Two of Omnidawn’s Spring 2012 Books Reviewed in Library Journal

Lyn Hejinian’s The Book of a Thousand Eyes
Kelli Anne Noftle’s I Was There for Your Somniloquy

have been reviewed in recent issues of Library Journal:

From the 5/1/12 issue of Library Journal:

Hejinian, Lyn. The Book of a Thousand Eyes. Omnidawn, dist. by IPG. 2012. c.352p. ISBN 9781890650575. pap. $24.95. POETRY

Although, according to the poet, this collection was inspired by Scheherazade, the heroine of The Arabian Nights, Hejinian (English, Univ. of California, Berkeley; Saga/Circus) doesn’t straightforwardly tell stories so much as she implies them. All of the poems in this collection are anchored in dreamlike states, evoking, for the most part, the minutes in which the narrator is falling asleep or awakening. Generally without titles, these language poems depend on their first lines to set the stage for Hejinian’s rambling night thoughts. In one of the more engaging works, “A dream, still clinging like light to the dark, rounding,” Hejinian, who is a chancellor of the Academy of American Poets, muses on falling asleep, dreaming, and being awakened by outside noises. As with the other poems here, “A dream” works by alliteration, enjambment, and metaphysical wordplay, as when the poet says that a new day has “the psychical quality of ‘pastness.’” Although most of the pieces are short, a few longer prose poems are also included. VERDICT Disdaining traditional conceptions of meaning, these pieces teeter sometimes pleasingly on the edge of incoherence.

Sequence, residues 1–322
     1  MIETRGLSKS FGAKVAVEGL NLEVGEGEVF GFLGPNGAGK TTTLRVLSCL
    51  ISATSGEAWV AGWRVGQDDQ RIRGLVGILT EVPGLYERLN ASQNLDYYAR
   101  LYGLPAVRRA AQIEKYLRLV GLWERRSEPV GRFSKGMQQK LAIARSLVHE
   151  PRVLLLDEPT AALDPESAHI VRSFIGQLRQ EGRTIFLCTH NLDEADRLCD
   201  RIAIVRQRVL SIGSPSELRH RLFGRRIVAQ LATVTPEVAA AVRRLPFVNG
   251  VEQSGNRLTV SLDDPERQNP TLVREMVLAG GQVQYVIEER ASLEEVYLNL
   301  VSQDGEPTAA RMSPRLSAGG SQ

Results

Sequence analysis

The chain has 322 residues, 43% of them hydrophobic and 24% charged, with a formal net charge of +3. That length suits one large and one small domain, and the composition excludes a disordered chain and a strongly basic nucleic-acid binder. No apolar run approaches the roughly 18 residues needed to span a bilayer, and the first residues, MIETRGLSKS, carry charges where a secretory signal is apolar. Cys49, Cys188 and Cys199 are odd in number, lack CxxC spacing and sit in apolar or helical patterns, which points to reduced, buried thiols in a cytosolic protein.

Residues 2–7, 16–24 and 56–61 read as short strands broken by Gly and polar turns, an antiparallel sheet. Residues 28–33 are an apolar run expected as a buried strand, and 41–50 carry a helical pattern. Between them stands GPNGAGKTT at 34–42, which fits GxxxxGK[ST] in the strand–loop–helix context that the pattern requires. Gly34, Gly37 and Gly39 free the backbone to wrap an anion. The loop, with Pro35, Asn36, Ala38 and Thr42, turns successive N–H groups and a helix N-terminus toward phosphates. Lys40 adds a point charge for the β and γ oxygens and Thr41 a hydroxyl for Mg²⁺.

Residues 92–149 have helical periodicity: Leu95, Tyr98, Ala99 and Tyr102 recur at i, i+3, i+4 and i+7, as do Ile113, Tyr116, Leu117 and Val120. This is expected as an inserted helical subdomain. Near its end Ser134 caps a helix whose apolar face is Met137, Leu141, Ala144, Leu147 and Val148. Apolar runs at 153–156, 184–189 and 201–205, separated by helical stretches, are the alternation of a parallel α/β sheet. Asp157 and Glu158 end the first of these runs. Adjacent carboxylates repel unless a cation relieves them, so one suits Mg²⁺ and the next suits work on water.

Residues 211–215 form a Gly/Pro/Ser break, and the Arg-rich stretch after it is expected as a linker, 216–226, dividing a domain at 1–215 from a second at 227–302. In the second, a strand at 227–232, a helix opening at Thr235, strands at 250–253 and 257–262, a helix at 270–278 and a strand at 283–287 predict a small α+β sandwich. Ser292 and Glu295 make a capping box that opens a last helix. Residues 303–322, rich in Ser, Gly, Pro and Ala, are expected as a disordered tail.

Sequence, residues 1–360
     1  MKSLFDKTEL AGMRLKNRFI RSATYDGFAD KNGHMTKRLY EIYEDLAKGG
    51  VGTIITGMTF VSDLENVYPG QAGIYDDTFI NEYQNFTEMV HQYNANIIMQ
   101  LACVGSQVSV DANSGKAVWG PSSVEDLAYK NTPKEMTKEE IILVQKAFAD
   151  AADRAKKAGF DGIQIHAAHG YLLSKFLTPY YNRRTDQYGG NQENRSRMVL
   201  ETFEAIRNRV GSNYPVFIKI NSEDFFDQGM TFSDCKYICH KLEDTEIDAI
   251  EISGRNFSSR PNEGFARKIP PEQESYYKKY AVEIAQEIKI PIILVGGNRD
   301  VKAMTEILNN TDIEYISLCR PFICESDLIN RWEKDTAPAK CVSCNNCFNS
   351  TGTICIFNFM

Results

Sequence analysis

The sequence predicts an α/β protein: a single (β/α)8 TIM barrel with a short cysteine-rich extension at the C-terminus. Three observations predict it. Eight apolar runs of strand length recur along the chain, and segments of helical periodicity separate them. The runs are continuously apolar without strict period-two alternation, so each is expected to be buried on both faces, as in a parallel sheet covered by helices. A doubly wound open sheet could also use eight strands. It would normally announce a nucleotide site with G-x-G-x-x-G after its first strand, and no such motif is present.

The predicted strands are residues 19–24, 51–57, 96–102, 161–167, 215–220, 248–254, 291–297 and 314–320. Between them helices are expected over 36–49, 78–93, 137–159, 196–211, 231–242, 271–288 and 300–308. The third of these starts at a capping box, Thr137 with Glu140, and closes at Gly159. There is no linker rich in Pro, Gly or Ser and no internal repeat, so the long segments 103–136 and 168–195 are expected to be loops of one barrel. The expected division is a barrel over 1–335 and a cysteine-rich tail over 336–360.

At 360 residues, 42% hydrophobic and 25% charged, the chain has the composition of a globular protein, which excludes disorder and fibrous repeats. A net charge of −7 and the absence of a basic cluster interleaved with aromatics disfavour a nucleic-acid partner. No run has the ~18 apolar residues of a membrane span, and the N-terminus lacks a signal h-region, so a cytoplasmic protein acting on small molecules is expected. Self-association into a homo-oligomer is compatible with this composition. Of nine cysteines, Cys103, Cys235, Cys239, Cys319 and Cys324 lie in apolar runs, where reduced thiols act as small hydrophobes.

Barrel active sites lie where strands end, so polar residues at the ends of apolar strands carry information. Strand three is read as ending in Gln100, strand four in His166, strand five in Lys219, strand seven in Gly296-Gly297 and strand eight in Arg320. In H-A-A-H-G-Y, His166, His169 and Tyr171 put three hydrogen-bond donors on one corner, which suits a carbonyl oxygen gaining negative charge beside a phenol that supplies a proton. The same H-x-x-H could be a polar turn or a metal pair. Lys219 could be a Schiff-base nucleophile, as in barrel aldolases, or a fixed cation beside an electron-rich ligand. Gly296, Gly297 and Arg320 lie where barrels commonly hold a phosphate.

—Diane­ Scharper, Towson Univ., Lutherville, MD

From the 5/15/12 issue of Library Journal:

Noftle, Kelli Anne. I Was There for Your Somniloquy. Omnidawn, dist. by IPG. 2012. c.72p. ISBN 9781890650599. pap. $15.95. POETRY

Noftle’s first book of poems—she is a singer-songwriter and former art student—launches with a slimy sequence about sea slugs. Her surreal, luscious language evokes the sexy ooze and play of underwater invertebrates (the sea slug’s heart is “a slipknot of mucus”) but is occasionally undercut by syntactical sloppiness: “We see the shore is nothing but a line our eyes make, searching for names where the water ends and sand begins.” After the sea slug section, which is captioned by factoids sourced to a natural science web forum, the poems about painting are clear and intellectually assured—“I’ve personally never used the gloss. It hardens my brushes and I’m/ unaffected”—and the work takes on an appealing voice. Throughout, parasomnia (disruptive sleep behaviors) and somniloquy (sleep talking) are used as metaphors for consciousness and perhaps to shroud disturbing autobiographic details. Attempting to invoke a sleep/wake state known as hypnagogia, the poet simultaneously remembers and forgets the trauma of the primal scene: “If I can float/ on my own language I can submerge/ this memory.” VERDICT: Textured, energetic poems about tactile perception that sometimes feel unfinished; lovers of contemporary poetry may want to investigate.
—Ellen Kaufman, New York

For more information on the books, including how to order, click the cover images, or browse our full poetry catalog here.